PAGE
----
10 questions: Mallory Gilbert

1) What the fuck is going on?
Change is happening – as usual. We’re getting caught up in religious wars. Desperation has made huge numbers of people turn away from reason toward blind faith. Because they can’t solve the problems that face them in the present, they’re turning back the clock. Pretty soon, we’ll have the crusades all over again. Words have taken on new meanings. Who used the word terrorist 10 years ago? When did liberal and feminist become dirty words? Now that we have the chance to communicate across the world, we’re forgetting how to use the language.

So, maybe that’s the perspective of someone “over 50” but it saddens me. On the other hand, at least in the arts, I see incredible energy and a growing awareness that we have a responsibility to talk about what the fuck is going on.

2) What does it mean to you to become a member of the Order of Canada for “contributions to the success of Toronto’s Tarragon Theatre, and for helping to foster a vibrant national theatre scene?
Becoming a member of the Order of Canada happens to other people; it never occurred to me that it would happen to me. The fact that I knew some of the people who were members was enough. I pinch myself and, of course, like everyone else (of a certain age) who has received an honour, I wish my parents were around to witness it. “See, dad, even in the arts, you can be acknowledged.”

Working at Tarragon has been almost a total joy. I consider myself to be extremely fortunate to have worked so long at a theatre that has maintained its fundamental focus even as it grew and adapted to the changes going on around it. Luck has a lot to do with it and maybe an ability to see a good thing when it’s placed in your path. When I started at Tarragon – in 1972 – professional theatre as we know it today was still a work-in-progress. Just by being a part of it, you were “helping to foster a vibrant national theatre scene.”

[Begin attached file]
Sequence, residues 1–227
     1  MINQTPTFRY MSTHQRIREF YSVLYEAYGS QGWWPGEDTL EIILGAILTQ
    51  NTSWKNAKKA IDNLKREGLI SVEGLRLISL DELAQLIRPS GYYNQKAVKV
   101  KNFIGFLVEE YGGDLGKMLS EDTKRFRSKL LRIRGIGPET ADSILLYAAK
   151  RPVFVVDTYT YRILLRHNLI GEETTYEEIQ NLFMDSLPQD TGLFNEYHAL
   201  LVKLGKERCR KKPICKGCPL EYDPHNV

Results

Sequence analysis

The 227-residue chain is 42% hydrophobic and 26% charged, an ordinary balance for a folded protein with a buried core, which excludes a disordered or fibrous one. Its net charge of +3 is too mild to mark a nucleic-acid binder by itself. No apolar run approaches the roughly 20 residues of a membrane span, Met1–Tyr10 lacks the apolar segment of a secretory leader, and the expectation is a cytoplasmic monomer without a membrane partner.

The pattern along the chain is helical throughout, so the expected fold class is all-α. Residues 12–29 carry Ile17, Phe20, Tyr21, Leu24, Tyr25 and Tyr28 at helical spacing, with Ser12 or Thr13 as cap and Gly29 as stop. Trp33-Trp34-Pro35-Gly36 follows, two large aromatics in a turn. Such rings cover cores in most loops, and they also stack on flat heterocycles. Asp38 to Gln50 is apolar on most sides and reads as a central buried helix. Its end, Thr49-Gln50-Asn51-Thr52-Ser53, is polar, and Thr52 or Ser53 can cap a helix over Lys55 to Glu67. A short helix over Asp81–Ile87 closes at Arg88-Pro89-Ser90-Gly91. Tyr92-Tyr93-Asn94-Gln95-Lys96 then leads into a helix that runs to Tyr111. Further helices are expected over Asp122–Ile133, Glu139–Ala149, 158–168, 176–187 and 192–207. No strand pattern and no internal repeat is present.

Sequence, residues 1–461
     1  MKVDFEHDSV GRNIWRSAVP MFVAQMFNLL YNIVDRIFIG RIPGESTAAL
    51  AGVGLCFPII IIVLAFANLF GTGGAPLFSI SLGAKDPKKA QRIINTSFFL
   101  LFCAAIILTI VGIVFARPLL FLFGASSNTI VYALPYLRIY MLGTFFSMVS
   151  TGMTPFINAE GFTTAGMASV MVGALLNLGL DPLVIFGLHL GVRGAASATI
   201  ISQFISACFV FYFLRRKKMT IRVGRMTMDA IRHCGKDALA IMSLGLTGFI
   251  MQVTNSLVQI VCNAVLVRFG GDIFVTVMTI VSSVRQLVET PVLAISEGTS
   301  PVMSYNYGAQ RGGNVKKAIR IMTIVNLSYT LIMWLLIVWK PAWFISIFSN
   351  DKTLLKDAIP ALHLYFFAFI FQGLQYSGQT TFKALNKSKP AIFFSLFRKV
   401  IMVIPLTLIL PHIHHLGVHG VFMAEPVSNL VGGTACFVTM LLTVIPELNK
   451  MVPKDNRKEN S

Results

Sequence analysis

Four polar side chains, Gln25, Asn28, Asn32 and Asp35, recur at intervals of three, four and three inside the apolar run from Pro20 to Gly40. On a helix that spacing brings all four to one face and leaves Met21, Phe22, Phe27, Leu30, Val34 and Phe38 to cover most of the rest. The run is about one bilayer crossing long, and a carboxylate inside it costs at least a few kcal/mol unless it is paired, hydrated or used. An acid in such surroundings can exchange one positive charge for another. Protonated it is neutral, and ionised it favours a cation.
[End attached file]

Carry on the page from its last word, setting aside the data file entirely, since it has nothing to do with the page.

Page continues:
3) What is one of your fondest memories of your time at the Tarragon?
There are so many fond memories and so many great productions. But, because it was produced over a longer period of time, I’ll say The Donnelly’s Trilogy. It was collaborative theatre at its finest, with a poet for a playwright (James Reaney) and a perfectionist for a director (Keith Turnbull) and a collection of dedicated artists. It was also the seventies and you worked hard and played hard. It was a fantastic experience.

4) Do you have any unifying theories that inform your approach to theatre management?
Not really. Openness, collaboration, honesty (in budgeting and reporting), promptness (with artists, agents and funders), think before you speak (especially if you intend to say no).

5) How important is it for smaller, independent theatre companies (without permanent spaces) to have a General Manager?
I think small companies can ride out the first couple of years on passion and enthusiasm and then, reality hits and no one finds administration fun anymore. That’s when you need a GM or a bookkeeper, or an eager and talented person who is willing to learn on the job.

6) When you look at the varied landscape of Canadian theate, what kinds of stories do contemporary artists seem to consistently neglect telling?
A couple of years ago, I would have said that we weren’t taking a political stand on anything, but that’s changed. There are now a number of companies/artists talking about the big world issues. There’s room for more. Now we have to tackle some of the issues closer to home. In Toronto, we could start with city hall politics, the perceived violence in the schools, the growth of ethnic villages within the city, Toronto’s role in the country.

7) Do you think conservative, right-wing politics are somehow fundamentally at odds with the arts community?
Yes, absolutely.

8) Who are some of your favourite Canadian arts administrators?
Nancy Webster, Jane Marsland, Colleen Blake, Peter Zednik, Cherry Karpyshin, for starters and I know there are many more.

9) How important is it for younger members of the theatre community to establish a mentorship with a senior-level peer in their field?
Very important. It’s just as important for a senior-level artist/administrator to establish a relationship with younger members of the theatre community. We teach (in the broad sense of that word) each other. The exchange is what’s important and everyone comes away from a good relationship with some new knowledge and excitement about what they’re trying to achieve.

10) If you could change just one thing about theatre in Canada, what would it be?
Can’t stop at one.

No more apologizing (internally or externally) for being Canadian. ALL of our critics would feel passionately about the theatre, care about the future of the arts, be knowledgeable about the arts and have a talent for the written word. No more *** in print. We would have an abundance of excellent directors. More playwrights would experiment with style; more playwrights would tackle political topics. More people would take a chance on live theatre and love it.